Remember, however, that you were a spry 55 years old when you adopted Festus, and he ran you ragged then, until he grew up and became perfect. It’s easy to forget how hard Festus pulled on-leash as a youngster, but you likely remember how much your arthritis hurts on some days; that might not be a good combination.

Again, I empathize. When my husband and I were looking to adopt recently, a dog-trainer friend told us about one of her clients who was looking to rehome his large, active German Shepherd. We considered it seriously; my husband loves GSDs. But in the end, we adopted a Pomeranian-mix, Sunny – and we are very happy with him!

If you’ve always been a “big-dog person” it might be time to think smaller. You may have more and more physical limitations – could you still lift an injured big dog into the car if you had to? And if you think an assisted-living facility, or even just a downsized home in a condominium complex, might be in your future, be aware that both often restrict the size of the dogs they will accept.

On the other hand, be aware that very tiny dogs (especially tiny dogs who are very zippy and active) can be a tripping hazard for a slower adult, or one with mobility challenges, so keep that in mind as well.

Dog Training and Equipment Tips for Seniors

Now for more good stuff. Think of all you can teach your dog, with all that time on your hands! Even if you don’t need a service dog, yours can certainly help you around the house – finding, picking up, and bringing you things, closing doors and drawers, and more.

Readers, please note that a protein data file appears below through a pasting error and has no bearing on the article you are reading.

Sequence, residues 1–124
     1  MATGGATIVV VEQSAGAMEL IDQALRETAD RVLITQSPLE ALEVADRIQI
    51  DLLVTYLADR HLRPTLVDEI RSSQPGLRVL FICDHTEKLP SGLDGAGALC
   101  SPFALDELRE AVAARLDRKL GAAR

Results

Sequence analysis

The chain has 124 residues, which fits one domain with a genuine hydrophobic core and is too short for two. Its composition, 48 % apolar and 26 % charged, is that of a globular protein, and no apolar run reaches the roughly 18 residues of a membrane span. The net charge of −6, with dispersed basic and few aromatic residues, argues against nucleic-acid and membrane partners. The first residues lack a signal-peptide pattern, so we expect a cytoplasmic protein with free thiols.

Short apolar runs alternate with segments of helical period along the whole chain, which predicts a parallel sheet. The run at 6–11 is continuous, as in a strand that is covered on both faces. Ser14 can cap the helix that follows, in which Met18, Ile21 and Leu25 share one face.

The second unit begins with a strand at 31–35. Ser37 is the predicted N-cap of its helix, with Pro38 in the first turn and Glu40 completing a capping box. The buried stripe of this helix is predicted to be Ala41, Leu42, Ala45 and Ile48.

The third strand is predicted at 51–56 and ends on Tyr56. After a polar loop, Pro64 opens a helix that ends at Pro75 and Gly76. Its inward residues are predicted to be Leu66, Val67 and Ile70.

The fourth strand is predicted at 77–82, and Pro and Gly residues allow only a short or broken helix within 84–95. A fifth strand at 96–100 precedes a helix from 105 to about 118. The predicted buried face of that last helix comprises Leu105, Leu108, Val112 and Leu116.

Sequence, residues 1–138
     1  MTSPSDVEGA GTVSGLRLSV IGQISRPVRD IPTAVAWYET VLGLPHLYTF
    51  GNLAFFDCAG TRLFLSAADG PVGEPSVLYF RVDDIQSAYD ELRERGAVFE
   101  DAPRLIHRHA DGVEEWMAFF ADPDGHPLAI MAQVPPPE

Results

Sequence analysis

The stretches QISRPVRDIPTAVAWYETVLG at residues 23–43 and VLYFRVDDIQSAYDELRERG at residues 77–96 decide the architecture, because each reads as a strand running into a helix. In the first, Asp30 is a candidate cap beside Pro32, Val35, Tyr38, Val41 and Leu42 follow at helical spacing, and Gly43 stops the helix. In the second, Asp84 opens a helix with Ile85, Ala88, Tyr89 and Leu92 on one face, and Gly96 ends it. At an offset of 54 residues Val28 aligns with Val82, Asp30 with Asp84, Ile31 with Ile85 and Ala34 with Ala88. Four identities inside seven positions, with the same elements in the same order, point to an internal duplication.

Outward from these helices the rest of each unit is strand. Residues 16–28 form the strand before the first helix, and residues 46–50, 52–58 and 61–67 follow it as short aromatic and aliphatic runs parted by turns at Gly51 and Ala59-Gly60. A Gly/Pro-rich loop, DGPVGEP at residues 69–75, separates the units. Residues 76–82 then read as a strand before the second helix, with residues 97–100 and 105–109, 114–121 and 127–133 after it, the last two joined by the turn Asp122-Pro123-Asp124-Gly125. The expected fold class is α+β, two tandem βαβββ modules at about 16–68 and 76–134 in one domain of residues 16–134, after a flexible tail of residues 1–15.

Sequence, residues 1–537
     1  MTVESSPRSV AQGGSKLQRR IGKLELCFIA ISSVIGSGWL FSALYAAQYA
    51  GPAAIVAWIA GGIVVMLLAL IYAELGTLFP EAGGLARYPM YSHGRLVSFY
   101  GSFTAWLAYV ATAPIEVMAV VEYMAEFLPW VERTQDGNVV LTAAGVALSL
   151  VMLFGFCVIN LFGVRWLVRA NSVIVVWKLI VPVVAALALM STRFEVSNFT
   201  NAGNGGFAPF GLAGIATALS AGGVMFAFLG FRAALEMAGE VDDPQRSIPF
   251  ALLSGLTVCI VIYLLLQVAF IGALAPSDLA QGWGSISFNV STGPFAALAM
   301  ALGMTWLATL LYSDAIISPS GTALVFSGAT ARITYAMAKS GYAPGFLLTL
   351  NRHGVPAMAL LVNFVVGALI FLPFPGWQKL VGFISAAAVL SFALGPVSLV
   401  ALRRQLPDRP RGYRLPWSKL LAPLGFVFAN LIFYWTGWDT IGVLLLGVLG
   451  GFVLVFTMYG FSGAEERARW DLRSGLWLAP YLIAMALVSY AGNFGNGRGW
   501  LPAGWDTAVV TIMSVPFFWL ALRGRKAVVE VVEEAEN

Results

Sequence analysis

A good trainer can help you with these and other tasks you’d like your dog to learn. Some trainers even offer classes specifically for older humans, where the pace of the class might be a little slower, and the focus is on helping to meet the training needs of seniors!

In-Home Professional Training

If you need help with training and can’t attend a class because getting out of the house is hard, there are many good, positive trainers who will come to your home. Just be sure, as always, to research them carefully to make sure you’re getting a bona fide force-free trainer who will help you train your dog without hurting or scaring him.

Front-Clip Harnesses

Of course, the right equipment can also make life easier for our aging bodies. Front-clip harnessescan ease the pain of leash pulling; even smaller dogs can sometimes pull surprisingly hard!

Waist Belt